Another combination that didn't make sense arose as I was examining the issue: why and how were (1) and (3) equivalent, as in the following: if you take 5 pies and divide them each into 5 equal pieces, then 3/5 of the total amount can either be three out of the five pies or it can be three pieces out of each pie. That makes no difference in terms of amount of pie you have -- three pieces from each of five pies which are divided into fifths will reassemble into three whole, sliced pies. However, in terms of kinds of pie you end up with, this would make a difference if one has different kinds of pies to begin with. If one has three cherry and two apple pies, you don't necessarily get the same thing by taking, say, three of the cherry pies and calling them 3/5 of the pies, as you do when you take 3 pieces out of each pie and reassemble the pieces into (whole) sliced pies. In the former case you have only cherry pie, in the latter case you have a mixture of cherry and apple pie. Since these are not the same thing (in terms of substance), the question is why are they equivalent in terms of amount. It cannot be because they are the same "things", since they aren't.

I think I have finally figured out the answer to all this, which is that the above three things are not the same things, but they are equal things for reasons which may be more complex than you or anyone else needs or cares to know. But the answer is as follows.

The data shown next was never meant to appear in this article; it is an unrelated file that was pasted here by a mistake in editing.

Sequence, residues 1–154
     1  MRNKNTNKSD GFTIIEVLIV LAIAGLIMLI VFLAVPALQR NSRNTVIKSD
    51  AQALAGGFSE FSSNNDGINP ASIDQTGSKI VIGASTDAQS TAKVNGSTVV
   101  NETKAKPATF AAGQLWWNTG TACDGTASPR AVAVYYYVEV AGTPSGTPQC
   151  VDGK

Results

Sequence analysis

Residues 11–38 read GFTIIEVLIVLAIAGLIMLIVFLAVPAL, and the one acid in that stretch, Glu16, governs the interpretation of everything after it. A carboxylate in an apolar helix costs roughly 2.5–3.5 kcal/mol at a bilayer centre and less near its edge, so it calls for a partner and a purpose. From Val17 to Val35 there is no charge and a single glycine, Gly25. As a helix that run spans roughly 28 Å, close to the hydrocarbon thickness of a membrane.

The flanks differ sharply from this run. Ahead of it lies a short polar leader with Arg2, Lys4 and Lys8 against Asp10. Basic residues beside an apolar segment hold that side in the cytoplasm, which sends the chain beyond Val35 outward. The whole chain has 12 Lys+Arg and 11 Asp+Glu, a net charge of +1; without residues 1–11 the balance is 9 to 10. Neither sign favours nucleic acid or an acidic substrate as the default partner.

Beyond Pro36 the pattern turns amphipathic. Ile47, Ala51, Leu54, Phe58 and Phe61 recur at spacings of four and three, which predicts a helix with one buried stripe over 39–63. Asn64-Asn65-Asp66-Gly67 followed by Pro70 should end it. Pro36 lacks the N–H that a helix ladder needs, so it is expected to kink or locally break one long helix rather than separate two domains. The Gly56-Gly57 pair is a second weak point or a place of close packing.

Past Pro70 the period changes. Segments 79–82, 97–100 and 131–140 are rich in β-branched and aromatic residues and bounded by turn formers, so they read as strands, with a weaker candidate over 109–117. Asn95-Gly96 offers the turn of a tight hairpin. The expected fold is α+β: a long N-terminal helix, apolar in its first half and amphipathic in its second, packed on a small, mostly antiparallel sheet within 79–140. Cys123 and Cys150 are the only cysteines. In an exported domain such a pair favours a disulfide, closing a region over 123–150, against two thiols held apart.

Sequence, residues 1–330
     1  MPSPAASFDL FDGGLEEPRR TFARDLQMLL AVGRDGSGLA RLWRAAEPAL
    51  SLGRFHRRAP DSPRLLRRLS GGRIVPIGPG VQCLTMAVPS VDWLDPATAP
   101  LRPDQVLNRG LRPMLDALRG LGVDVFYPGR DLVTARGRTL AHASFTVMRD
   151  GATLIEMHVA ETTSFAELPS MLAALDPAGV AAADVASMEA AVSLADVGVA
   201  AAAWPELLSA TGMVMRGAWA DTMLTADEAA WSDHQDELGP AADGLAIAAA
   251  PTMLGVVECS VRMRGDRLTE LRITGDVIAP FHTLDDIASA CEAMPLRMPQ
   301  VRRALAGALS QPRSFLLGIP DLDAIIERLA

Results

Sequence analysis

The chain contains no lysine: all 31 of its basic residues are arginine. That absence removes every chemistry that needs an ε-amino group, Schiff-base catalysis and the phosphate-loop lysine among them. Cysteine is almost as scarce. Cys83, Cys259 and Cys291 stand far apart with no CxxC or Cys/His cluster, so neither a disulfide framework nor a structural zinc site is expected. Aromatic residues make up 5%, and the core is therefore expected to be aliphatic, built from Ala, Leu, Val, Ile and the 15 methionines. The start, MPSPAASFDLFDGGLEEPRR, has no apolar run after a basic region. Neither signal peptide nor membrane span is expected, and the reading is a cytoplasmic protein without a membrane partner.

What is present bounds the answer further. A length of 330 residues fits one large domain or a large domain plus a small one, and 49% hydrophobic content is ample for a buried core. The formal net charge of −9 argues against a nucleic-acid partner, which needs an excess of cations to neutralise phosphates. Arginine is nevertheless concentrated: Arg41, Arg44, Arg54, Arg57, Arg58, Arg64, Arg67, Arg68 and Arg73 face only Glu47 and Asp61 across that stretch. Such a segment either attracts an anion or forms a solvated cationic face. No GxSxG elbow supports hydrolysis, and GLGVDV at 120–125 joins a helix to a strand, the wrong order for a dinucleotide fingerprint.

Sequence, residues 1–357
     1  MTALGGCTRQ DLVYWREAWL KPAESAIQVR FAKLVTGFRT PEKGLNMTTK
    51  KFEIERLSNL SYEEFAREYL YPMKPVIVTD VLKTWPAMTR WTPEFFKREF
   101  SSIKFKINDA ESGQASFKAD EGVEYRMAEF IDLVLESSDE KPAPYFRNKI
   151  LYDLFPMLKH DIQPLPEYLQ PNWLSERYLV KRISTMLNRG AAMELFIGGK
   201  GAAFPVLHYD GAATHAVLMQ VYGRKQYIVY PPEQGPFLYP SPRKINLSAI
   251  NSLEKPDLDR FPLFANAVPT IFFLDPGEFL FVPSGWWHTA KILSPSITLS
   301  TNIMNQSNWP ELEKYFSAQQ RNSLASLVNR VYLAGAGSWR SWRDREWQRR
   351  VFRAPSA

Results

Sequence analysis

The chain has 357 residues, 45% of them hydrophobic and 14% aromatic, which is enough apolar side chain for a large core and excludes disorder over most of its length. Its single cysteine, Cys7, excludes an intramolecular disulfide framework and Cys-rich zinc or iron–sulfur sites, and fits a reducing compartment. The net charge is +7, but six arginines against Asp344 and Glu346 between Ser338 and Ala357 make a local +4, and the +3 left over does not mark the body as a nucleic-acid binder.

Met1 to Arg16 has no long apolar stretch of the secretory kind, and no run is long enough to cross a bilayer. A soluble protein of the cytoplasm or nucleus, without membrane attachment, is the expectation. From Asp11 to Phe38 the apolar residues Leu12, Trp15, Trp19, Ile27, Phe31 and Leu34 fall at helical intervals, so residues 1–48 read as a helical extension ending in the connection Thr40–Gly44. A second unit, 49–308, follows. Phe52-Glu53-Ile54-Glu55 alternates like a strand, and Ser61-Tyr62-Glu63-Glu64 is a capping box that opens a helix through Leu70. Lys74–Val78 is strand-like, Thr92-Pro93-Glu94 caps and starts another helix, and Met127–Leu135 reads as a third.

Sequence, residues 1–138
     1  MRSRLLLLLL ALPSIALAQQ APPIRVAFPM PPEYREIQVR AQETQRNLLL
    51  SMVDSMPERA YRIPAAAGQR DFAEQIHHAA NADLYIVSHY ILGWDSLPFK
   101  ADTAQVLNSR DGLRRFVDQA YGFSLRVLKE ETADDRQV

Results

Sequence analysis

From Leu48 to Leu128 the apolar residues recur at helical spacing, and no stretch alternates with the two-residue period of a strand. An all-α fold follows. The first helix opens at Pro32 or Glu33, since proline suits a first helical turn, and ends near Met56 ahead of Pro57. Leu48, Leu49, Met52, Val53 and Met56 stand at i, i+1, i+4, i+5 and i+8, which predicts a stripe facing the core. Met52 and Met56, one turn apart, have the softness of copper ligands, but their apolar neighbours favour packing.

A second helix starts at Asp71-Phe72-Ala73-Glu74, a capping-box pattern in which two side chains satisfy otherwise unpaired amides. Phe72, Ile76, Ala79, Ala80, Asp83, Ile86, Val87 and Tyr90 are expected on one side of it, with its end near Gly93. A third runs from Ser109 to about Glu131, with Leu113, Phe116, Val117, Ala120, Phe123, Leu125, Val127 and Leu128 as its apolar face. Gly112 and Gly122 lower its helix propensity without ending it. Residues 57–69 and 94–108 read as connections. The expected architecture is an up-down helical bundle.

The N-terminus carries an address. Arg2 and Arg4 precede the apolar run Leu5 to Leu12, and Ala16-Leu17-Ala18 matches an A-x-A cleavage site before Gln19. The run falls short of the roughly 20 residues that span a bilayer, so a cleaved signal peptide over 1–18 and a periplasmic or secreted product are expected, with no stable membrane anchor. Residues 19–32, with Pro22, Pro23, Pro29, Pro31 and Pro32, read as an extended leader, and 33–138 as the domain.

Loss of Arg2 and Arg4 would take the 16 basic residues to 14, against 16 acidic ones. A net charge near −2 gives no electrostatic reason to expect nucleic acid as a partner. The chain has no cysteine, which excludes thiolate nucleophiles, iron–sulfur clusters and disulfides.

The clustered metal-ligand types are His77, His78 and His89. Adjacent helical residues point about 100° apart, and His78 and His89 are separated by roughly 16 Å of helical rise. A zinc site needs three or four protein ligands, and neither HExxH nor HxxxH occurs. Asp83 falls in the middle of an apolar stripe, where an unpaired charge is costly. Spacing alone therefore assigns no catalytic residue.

Suppose you divide a pie into five parts. One pie DIVIDED by 5 = 5 pieces that are each 1 OUT OF 5 equal parts of the pie and .2 of the pie. Each of these quantities can be represented by 1/5, though the first means "one equal piece out of five" and the second refers to 1 (pie) DIVIDED by 5 in decimal form [which, incidentally but not accidentally, is also the same as 2/10 in fractional form, and which is equivalent to 1/5 by reduction]. Anyway, the DIVISION is of the PIE, and the numerator represents how many of the PIECES you are talking about after you have (figuratively or literally) divided the pie into pieces. So when you are talking about only ONE piece, it turns out that since there was only ONE pie, the numerator of the fraction will be the same as the number of things you divided -- the "1" refers equally to the number of pieces you are referring to and the number of pies; and the "5" refers both to the number of total pieces and the divisor by which you divided the one pie. Hence, these two NUMBERS will be equivalent -- the fraction as quotient and the fraction as portion - even though the "things" you are talking about are not the same.  That is one piece out of five pieces ("1 piece/5 pieces") and one pie divided into 5 equal pieces ("1 pie/5 pieces") give you the same numbers in the numerator and denominator even though they don't give you the same units in the fraction or represent the same physical things.